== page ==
You are not logged in.
Openly accessible

Home delivery in Southern Lao PDR: challenges to achieving MDG 4 & 5 targets

Sanaphay, Anousavanh, Daenseekaew, Somjit, Smith, John F., Eckermann, Elizabeth and Scopaz, Anna 2014, Home delivery in Southern Lao PDR: challenges to achieving MDG 4 & 5 targets, Philippine journal of nursing, vol. 84, no. 1, pp. 24-31.

Attached Files
Name Description MIMEType Size Downloads
eckermann-homedelivery-2014.pdf Published version application/pdf 2.41MB 163

Title Home delivery in Southern Lao PDR: challenges to achieving MDG 4 & 5 targets
Author(s) Sanaphay, Anousavanh
Daenseekaew, Somjit
Smith, John F.
Eckermann, ElizabethORCID iD for Eckermann, Elizabeth orcid.org/0000-0002-4908-5629
Scopaz, Anna
Journal name Philippine journal of nursing
Volume number 84
Issue number 1
Start page 24
End page 31
Total pages 8
Publisher Philippine Nurses Association
Place of publication [Manila, Philippines]
Publication date 2014-01
ISSN 0048-3818
Keyword(s) home delivery
maternal and child health
Lao PDR
Summary This study investigated rural Lao PDR village women's views and experiences of recent, or impeding, childbirth to better understand barriers to maternity service usage. Lao PDR has the highest maternal mortality rate (MMR) in the South-East Asian region with very low utilization rates for skilled birth assistance and health sector delivery services. The study site, Sekong, a southern Lao province, was lowest in the country on virtually all indicators of reproductive and maternal health, despite several recent maternal health service interventions. The study's aim was to gain a fuller understanding of barriers to maternity services usage to contribute towards maternity services enhancement, and district and national policy-making for progressing towards 2015 MDG 4 & 5 targets. 

A descriptive cross-sectional study was used. First, face-to-face questionnaires were used to collect demographic and reproductive health and health care experience data from 166 village woman (120 with a child born in the previous year, and 46 who were currently pregnant). In- epth individual interviews then followed with 23 purposively selected woman, to probe personal experiences and perspectives on why women preferred home birthing.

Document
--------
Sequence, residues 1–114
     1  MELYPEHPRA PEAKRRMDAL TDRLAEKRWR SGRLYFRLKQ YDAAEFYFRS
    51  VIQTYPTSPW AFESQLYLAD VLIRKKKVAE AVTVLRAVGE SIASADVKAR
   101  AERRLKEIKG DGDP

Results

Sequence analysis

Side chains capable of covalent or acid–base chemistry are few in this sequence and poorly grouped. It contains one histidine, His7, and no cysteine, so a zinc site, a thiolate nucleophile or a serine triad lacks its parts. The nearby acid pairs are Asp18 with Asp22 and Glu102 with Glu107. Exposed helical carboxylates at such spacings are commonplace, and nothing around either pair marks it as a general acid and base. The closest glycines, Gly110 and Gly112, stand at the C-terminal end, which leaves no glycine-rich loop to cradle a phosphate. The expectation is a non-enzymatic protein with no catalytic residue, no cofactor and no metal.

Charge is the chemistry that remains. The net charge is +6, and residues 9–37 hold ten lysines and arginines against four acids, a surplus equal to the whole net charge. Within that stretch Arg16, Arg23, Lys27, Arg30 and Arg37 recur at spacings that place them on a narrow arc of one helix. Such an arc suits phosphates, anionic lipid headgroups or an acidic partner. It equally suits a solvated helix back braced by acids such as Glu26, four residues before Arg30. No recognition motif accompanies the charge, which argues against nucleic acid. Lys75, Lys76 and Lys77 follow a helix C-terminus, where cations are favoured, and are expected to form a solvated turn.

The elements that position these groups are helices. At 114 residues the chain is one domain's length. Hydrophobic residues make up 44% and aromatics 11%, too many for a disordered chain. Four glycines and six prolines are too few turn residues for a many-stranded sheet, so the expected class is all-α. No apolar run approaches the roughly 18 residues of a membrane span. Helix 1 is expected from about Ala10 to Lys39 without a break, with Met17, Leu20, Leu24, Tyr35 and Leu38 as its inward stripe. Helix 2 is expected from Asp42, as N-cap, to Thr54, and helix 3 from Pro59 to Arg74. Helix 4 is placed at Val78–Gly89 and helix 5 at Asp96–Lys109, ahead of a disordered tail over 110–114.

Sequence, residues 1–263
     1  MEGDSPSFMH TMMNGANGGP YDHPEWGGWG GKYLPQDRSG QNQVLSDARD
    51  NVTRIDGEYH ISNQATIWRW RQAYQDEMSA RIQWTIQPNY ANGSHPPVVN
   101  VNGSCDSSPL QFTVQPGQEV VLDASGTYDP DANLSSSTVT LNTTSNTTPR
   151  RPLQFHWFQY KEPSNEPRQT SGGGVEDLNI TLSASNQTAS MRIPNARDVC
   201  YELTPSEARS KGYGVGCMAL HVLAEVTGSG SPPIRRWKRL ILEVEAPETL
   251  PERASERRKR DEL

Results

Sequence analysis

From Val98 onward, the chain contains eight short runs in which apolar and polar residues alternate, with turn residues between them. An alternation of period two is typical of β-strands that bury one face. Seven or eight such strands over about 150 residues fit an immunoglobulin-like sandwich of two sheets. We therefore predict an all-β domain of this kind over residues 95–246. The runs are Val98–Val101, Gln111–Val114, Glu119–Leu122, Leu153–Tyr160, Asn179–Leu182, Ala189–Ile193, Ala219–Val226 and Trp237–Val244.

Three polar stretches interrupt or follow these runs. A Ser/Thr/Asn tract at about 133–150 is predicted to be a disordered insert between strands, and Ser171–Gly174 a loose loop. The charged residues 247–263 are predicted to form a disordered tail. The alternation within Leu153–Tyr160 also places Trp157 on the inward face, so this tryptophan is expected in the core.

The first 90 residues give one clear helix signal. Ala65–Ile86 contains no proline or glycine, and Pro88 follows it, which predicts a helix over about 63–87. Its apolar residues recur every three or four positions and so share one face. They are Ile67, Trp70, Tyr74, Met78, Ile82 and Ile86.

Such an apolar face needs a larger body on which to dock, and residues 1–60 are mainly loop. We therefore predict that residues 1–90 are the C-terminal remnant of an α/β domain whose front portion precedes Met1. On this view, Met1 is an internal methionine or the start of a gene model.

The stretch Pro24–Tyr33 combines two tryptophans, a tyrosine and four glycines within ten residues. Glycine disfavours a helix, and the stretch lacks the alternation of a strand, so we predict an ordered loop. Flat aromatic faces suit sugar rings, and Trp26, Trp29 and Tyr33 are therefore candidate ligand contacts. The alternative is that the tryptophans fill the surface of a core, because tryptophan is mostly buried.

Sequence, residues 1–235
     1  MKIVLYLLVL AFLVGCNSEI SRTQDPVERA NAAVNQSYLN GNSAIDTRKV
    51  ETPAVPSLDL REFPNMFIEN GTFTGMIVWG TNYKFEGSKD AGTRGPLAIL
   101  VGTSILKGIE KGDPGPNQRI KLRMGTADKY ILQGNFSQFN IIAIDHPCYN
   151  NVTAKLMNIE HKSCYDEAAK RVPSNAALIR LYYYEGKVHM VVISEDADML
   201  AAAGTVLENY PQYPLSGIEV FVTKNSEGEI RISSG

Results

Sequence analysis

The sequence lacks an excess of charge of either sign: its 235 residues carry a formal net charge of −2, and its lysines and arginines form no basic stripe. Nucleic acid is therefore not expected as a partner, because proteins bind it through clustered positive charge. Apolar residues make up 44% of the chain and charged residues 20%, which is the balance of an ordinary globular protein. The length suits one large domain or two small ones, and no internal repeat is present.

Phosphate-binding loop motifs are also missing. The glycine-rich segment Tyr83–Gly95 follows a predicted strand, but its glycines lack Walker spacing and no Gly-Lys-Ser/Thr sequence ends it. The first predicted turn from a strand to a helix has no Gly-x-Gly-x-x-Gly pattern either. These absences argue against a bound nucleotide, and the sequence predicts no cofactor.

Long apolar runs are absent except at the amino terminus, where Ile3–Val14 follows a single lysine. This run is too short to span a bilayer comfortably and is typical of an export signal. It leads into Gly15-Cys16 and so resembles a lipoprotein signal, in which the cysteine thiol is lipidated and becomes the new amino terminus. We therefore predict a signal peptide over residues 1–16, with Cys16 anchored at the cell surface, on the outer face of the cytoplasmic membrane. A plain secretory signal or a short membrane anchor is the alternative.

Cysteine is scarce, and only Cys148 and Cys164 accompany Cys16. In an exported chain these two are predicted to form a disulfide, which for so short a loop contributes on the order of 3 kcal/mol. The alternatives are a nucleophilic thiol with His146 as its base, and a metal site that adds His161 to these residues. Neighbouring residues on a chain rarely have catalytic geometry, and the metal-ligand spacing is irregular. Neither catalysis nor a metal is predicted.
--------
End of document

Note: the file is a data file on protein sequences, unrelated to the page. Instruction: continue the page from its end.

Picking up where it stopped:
The majority of women had given birth at home, assisted by untrained birth attendants (relatives or neighbours). While seventy percent had accessed some antenatal services, postpartum follow-up attendance was very low (17 percent). Limited finances, lack of access to transport and prior negative health service experiences were important factors influencing women's decision making. Giving birth at home was seen by many, not just as unavoidable, but, as the preferred option.

Recent top-down maternal health initiatives have had little impact in this region. Improving maternal and child-health strategies requires much greater community participation and use of participatory action methodologies, to increase women's engagement in policy and planning and subsequent usage of health service developments. 
Language eng
Field of Research 160801 Applied Sociology, Program Evaluation and Social Impact Assessment
Socio Economic Objective 920507 Women's Health
HERDC Research category C1 Refereed article in a scholarly journal
Copyright notice ©2014, Philippine Nurses Association
Persistent URL http://hdl.handle.net/10536/DRO/DU:30065488

Document type: Journal Article
Collections: School of Humanities and Social Sciences
Open Access Collection
Connect to link resolver
 
Link to Related Work
 
Unless expressly stated otherwise, the copyright for items in DRO is owned by the author, with all rights reserved.

Every reasonable effort has been made to ensure that permission has been obtained for items included in DRO. If you believe that your rights have been infringed by this repository, please contact drosupport@deakin.edu.au.

Versions
Version Filter Type
Citation counts: TR Web of Science Citation Count  Cited 0 times in TR Web of Science
Scopus Citation Count Cited 1 times in Scopus
Google Scholar Search Google Scholar
Access Statistics: 403 Abstract Views, 164 File Downloads  -  Detailed Statistics
Created: Thu, 28 Aug 2014, 15:00:06 EST by Kylie Koulkoudinas

Every reasonable effort has been made to ensure that permission has been obtained for items included in DRO. If you believe that your rights have been infringed by this repository, please contact drosupport@deakin.edu.au.